Give a brief overview of your project, outlining your requirements, budget, and timeline so potential providers can decide if they’re a good fit. Be precise and honest.


2. COMPANY BACKGROUND


This is your company bio which tells the reader about your business goals and challenges, as well as your market. You might describe:


  • Your mission statement, when and how your company was founded
  • Your location
  • What your products and services involve
  • What sets you apart from your competition
  • An accurate and detailed description of your target market (who will be using the product)

3. DEFINE WHAT YOU NEED


This should be a clear and specific description of what you want – your goals for the project and what you want it to achieve. However, it’s usually better not to get too detailed about how you want it done. After all, the company you hire will be the experts in this particular line of work. They might have solutions that you never even considered.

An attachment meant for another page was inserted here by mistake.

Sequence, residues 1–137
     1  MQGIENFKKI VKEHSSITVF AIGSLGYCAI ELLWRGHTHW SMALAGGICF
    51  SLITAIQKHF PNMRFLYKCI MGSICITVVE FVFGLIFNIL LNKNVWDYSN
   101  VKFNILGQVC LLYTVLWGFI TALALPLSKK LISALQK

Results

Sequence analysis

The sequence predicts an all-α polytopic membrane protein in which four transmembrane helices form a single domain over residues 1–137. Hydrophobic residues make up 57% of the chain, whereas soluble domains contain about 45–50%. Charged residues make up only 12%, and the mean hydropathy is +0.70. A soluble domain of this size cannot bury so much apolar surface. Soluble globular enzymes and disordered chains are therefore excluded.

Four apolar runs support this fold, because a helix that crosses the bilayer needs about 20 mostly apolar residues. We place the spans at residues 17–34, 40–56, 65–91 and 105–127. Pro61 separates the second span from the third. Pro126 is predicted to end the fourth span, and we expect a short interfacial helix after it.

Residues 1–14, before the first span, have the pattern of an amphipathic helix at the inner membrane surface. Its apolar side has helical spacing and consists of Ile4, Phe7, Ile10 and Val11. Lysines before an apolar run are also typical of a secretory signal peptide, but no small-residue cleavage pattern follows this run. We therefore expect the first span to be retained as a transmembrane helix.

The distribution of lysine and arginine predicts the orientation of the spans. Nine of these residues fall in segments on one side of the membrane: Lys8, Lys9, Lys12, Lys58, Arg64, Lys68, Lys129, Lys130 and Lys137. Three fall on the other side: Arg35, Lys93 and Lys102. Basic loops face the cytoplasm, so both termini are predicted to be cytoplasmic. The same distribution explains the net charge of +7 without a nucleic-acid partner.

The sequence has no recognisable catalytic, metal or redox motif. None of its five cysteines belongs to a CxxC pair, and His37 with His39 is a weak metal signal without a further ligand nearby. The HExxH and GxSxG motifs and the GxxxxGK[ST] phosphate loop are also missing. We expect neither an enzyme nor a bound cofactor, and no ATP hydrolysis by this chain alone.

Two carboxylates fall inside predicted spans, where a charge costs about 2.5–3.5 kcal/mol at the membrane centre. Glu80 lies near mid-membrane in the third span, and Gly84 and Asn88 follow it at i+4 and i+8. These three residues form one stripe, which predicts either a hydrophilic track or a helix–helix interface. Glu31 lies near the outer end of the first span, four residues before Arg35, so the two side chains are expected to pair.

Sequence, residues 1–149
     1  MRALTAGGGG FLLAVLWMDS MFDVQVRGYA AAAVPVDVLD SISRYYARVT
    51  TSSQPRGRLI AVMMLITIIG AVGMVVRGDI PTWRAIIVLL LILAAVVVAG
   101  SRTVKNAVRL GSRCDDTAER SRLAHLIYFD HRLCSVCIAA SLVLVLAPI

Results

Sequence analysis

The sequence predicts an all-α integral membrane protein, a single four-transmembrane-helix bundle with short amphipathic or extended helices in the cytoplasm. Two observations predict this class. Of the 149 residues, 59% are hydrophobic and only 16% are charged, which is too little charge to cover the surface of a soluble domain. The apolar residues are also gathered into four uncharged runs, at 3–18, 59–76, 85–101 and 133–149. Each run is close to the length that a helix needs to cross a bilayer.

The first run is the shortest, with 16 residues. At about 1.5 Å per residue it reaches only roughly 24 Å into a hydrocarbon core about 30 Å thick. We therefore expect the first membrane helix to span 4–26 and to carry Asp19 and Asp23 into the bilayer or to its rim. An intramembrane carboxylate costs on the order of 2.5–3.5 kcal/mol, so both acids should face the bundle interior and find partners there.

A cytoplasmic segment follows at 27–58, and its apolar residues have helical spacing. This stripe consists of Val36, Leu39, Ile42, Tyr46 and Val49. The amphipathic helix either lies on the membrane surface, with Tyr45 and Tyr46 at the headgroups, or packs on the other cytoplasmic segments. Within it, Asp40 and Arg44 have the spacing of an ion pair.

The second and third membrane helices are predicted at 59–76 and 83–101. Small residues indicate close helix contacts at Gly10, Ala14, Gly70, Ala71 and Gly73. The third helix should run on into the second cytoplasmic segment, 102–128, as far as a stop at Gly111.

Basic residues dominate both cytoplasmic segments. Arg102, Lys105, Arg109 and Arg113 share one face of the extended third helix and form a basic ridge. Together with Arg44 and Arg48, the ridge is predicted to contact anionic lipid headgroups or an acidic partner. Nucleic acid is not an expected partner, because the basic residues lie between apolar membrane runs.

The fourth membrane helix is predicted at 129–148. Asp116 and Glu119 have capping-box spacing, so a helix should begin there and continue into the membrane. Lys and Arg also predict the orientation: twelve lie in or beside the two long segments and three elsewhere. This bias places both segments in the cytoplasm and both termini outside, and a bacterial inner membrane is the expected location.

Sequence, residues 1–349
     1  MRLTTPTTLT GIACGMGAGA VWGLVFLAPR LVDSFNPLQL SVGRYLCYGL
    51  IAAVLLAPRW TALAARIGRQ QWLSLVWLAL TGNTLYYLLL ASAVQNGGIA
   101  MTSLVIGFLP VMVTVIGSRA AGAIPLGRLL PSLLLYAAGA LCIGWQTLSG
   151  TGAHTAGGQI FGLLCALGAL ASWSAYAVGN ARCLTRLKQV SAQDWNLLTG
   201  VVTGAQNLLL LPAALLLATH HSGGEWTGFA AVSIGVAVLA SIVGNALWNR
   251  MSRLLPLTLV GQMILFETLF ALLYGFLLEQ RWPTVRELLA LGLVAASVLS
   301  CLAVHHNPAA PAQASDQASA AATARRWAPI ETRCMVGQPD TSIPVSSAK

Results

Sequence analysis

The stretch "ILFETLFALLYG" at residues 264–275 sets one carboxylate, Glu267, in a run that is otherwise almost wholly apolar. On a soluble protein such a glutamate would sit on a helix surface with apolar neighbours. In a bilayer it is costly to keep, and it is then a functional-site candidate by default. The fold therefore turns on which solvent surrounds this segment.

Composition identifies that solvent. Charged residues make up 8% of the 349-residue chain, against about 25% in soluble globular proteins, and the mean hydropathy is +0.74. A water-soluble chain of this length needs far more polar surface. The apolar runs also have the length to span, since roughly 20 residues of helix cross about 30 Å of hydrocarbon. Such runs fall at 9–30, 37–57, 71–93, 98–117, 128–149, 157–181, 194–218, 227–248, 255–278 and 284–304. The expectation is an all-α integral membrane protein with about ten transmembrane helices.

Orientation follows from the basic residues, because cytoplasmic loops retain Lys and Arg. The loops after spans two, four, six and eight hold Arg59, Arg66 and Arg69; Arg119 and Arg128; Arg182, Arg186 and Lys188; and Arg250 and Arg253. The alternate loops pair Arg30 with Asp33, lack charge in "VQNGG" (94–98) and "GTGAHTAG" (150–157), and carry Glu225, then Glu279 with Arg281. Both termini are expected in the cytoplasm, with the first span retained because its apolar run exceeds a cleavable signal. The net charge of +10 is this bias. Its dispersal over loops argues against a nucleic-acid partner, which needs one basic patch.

If you need particular skills, services, or expertise, this is the place to list them. For instance, your web designer may need to be fluent in certain operating systems and computer languages in order to integrate with your existing system.


4. TIMELINE & INSTRUCTIONS


This would include things like:


  • Begin and end dates for proposal submission
  • When you’ll make your final decision
  • Proposed begin and end dates for the project, including milestones you’ve set
  • When and how the supplier will get paid
  • Give companies a clear structure to follow when they write their proposals. It will make sorting through and comparing them a lot easier.
  • Explain how you’ll be making your decision, giving weights to different criteria if necessary. For instance, your decision might be based on 30% price, 25% experience, 25% credentials and testimonials, and 20% creativity.

5. PROOFREAD


It is vital to proofread your RFP to catch any issues and mistakes. It might be a good idea to ask for help here, since mistakes could have serious consequences and actually lead to you not finding the perfect project fit.


6. PUBLISH


Publish your RFP and wait for proposals to come in in order to start and complete your project.